Imagine it is 1984, you are an 11-year-old boy, living in an adobe hut with a dirt floor and thatch roof in some far-flung corner of El Salvador. Civil war erupted four years ago and your older brother was taken by the right wing army. A rifle was thrust into his hands, and he was told to shoot his friends whom the right wing, US-backed military believed to be guerillas. (Americans spent more than four billion dollars funding the 12-year civil war that killed an estimated 75,000 Salvadoreños). He was only 12-years-old when they took him away. You haven’t seen him since. As you are approaching your twelfth birthday it is decision time for your parents. Do they scrape together every penny they can find and send you, alone, to the United States, or do they keep you in El Salvador and face the possibility that you will be conscripted to fight or possibly lined up against a wall and executed in front of your eyes?
This is the very real choice that many Salvadoreños faced during their bloody civil war. Crossing the border from El Salvador into Guatemala I was guided by a man whose parents were faced with just that dilemma. When he was just 10-years-old his parents put him on a bus for the United States. He had no family there, his parents only had dreams of a better life. My friend was one of the lucky ones. He somehow avoided the gangs and was able to return to El Salvador and his family. I should say, the family members that survived. Not all boys were so lucky.
Many people have the mistaken notion that MS-13 (Mara Salvatrucha) and Barrio 18 (Calle 18/18thStreet Gang) originated in El Salvador. These gangs actually originated in Los Angeles in the early 1980’s, they were made of the Salvadoreño boys sent unaccompanied to the United States, and they were modeled on the violent street gangs of Los Angeles, such as the Crips and the Bloods. These boys bonded together as a way of protecting themselves, and the new immigrants that arrived daily. At that time, Los Angeles had the largest Salvadoreño population outside of El Salvador. Like other gangs of the era, the Salvadoreño gangs got involved in crime, drugs, prostitution, murder… When arrested the courts decided to deport these criminals back to their native El Salvador, essentially setting them free on foreign soil. Gangs did not exist in El Salvador prior to the deportation of these Los Angeles gang members deportation home to El Salvador.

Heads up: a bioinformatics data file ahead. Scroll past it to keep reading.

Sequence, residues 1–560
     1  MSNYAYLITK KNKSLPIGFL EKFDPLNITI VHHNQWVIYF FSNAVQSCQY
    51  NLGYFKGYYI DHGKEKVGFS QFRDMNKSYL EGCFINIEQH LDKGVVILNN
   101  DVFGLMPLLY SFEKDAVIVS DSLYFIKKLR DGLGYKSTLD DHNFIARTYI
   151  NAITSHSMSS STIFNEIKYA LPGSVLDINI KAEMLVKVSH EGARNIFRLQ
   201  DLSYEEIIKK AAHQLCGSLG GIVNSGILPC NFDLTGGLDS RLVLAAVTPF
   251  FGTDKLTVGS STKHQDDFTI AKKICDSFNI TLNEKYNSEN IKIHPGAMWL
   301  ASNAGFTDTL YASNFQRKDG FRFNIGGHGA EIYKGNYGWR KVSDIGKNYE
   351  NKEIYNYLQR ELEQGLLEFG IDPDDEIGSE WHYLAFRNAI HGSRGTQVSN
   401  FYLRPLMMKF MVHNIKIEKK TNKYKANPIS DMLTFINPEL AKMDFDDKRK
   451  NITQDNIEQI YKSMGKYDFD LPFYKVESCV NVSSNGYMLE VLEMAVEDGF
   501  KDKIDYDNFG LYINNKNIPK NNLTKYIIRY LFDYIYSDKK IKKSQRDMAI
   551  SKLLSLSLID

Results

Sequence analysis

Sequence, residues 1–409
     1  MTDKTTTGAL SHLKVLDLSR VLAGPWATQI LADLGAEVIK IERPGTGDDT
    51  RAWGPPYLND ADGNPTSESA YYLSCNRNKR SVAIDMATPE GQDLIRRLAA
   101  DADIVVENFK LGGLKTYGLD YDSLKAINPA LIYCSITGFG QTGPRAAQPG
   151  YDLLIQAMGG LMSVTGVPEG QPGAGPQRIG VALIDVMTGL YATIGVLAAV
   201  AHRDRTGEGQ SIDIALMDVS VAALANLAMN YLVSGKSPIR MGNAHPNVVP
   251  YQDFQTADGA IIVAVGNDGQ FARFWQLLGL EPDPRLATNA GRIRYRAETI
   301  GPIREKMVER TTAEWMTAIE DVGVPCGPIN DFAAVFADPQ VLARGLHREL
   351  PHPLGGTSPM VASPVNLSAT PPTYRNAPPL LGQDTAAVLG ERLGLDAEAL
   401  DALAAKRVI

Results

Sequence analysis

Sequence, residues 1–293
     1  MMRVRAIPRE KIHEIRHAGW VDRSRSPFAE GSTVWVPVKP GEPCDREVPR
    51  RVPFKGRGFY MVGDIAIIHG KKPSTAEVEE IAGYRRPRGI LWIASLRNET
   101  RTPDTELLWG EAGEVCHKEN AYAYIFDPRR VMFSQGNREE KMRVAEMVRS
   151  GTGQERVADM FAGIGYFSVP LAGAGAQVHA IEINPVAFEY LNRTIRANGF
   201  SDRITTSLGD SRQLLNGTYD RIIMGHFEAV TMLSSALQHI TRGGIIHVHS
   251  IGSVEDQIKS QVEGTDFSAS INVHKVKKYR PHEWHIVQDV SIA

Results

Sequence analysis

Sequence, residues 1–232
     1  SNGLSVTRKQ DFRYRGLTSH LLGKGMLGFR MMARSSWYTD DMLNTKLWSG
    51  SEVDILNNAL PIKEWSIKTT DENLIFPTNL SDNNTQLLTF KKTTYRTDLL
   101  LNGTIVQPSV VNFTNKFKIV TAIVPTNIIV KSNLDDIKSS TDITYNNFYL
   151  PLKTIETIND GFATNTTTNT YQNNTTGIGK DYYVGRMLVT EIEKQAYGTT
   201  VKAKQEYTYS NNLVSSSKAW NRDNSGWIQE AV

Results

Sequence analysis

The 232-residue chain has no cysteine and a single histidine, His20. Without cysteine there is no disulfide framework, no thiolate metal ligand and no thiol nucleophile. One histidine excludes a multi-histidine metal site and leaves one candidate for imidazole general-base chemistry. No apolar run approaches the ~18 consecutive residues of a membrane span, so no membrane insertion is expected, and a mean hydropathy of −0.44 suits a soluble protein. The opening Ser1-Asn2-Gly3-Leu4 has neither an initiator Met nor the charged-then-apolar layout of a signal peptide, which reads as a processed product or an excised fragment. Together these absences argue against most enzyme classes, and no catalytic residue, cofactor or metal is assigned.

Don’t get me wrong. I in no way support gangs, and the MS-13 and Barrio 18 have become some of the most violent and despicable criminals in the world. There is a street corner in the Excelsior district of San Francisco, an intersection I drove by every time I went to visit my friends. One evening an MS-13 gang member gunned down a man and his two sons in their car at that intersection. You can read more about the outcome here. Sadly, it was simply a case of mistaken identity in a gang-on-gang retaliation. Never again did I drive that route to my friends’ house.
I can’t say if the courts were right or wrong to deport MS-13 and Barrio 18 gang members en masse. A case can be made for trying and locking them up in the USA. By setting them free in a foreign country, they unleashed the terror of these gangs on El Salvador and other Central American countries. Their power, influence, territory, and membership has grown exponentially. El Salvador has been particularly devastated by rise of the gangs in their country. While the horrors are beyond imagining, once you become aware of those horrors, it is easy to understand why regular people would attempt the perilous journey to the United States, searching for asylum.
Below are a couple links that better explain life in gang-ravaged El Salvador:
- Democracy Now
- NPR Embedded Podcast on San Salvador. This was taped shortly after I left El Salvador.
- The Conversation
For two weeks I stayed in the beautiful town of Suchitoto, on the shores of Lago Suchitlan in northeast El Salvador. I was very curious as to why so many houses had a hummingbird painted on the wall next to the door. I was to learn that domestic abuse is rampant in El Salvador and homes with the hummingbird are safe havens for abused women. This was in 2013. The violence against women has risen dramatically in the interceding years. In San Salvador, and probably other towns close to the capital, the gangs use violence against women as a tool. The gangs threaten violence and rape against the wives and daughters of business owners who refuse to pay their “dues”. They commit violence against the sisters and girlfriends of rival gang members in retaliation. Many gang members “buy” girlfriends, some as young as 12 or 13, by threatening their families with violence, even death, if they don’t “give” them their daughters. When I was in the beach town of Playa San Blas, just south of San Salvador, it was not uncommon to see older, tattooed gang members with very young girls. In 2016, one-third of the unaccompanied minors traveling alone to the US were girls. Once again, you can understand why a girl would want to make that perilous journey.
This is just one example of American policy in Central America has had horrific consequences. The optimist within me wants to believe that a better understanding of why Central Americans are making the journey to America, in search of asylum, they might be more compassionate towards these people.